The way in which our modern culture interprets the word “spirit” to be functionally identical to “ghost” doesn’t help much; it creates a dualistic separation between spirit and body (thanks Descartes) that has no place in my more animistic understanding of the world. “Spirit” comes from Latin “spiritus”, and is connected to words like “respiration” and more poetically “inspiration”. It means breath, life. Aristotle thought of spirit as simply the animating principle of all living things, not a separate discarnate entity that could float off somewhere after the body dies.

Modern animists such as Emma Restall Orr and Graham Harvey have a much more nuanced concept of spirit that far better fits a nature-based Pagan approach, and I highly recommend their works.

The spirits of the land are, quite simply, the animating principles within the trees, the animals, the birds, the humans, the rocks, the water, the soil and earth itself. Each individual spirit is not separate, but combine into an ecosystem of spirit, a network of connection and harmony that joins together to form one song, the spirit of that  place.

There is nothing supernatural here. The world is filled with enspirited beings, who are amazing, evolved, sentient creatures who together make up the vast tapestry of life of which we are a part. My pet gerbil, the birds and squirrels in the garden, the vast oak trees, the bugs and spiders, caterpillars and moths, tiny minnows and giant blue whales, elephants and mice and even the microbacteria that live within our bodies and keep us alive, all are spirits of the land, sea and sky.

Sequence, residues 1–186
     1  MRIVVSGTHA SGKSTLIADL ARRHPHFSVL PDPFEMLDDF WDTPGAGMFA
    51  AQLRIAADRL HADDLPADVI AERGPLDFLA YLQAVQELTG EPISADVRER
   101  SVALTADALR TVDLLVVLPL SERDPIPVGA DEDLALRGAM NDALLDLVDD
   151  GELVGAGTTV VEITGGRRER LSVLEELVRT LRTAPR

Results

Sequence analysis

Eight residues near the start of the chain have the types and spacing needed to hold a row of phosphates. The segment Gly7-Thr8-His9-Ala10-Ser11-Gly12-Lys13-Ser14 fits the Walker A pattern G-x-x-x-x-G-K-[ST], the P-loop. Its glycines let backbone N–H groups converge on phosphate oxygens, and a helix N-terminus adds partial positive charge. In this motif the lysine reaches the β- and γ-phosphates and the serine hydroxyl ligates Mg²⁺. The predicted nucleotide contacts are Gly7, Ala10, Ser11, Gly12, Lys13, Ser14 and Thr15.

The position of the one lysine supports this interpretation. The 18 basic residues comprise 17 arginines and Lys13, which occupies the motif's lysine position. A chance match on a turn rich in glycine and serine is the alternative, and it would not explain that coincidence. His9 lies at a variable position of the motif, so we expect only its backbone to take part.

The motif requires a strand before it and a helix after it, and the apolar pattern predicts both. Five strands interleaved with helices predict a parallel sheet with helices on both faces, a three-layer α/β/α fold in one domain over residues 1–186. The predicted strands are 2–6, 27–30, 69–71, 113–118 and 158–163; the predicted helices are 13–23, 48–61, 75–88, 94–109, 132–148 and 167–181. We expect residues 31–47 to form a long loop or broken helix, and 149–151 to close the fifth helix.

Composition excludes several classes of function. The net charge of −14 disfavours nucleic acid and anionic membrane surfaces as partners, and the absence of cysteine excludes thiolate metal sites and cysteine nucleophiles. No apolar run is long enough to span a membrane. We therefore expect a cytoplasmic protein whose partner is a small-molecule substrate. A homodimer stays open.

Have you ever noticed how some places, like particular deep woods or rocky coastlines, feel numinous, feel sacred, the moment you walk into them, inspiring reverence and silence? That for me is the spirit of the land in the place. Or have you noticed how one spot feels different from another? That too, is the spirit of the land, different in different locations. The spirit of a river is different from that of a forest, is different from that of a car park.

Meditating in my back garden and meditating on a glacial boulder at the edge of a Norwegian fjord left me in no doubt as to the presence of different spirits of the land, and yet, all these spirits of place are connected as the spirit of the earth, which some Pagans (and scientist James Lovelock) call Gaia.

In recent months, I have been working on developing a connection with a particular place, a small grassy fen right by the city centre, left to grow and be grazed by cattle, with a stream running through it, that sings joyfully as it splashes over rocks. I visit, I make offerings (usually of clear pure water), and I open myself to connect with the spirit of the land as it manifests there. I feel like something like a familiar acquaintance is forming between me and this place, which may develop into friendship.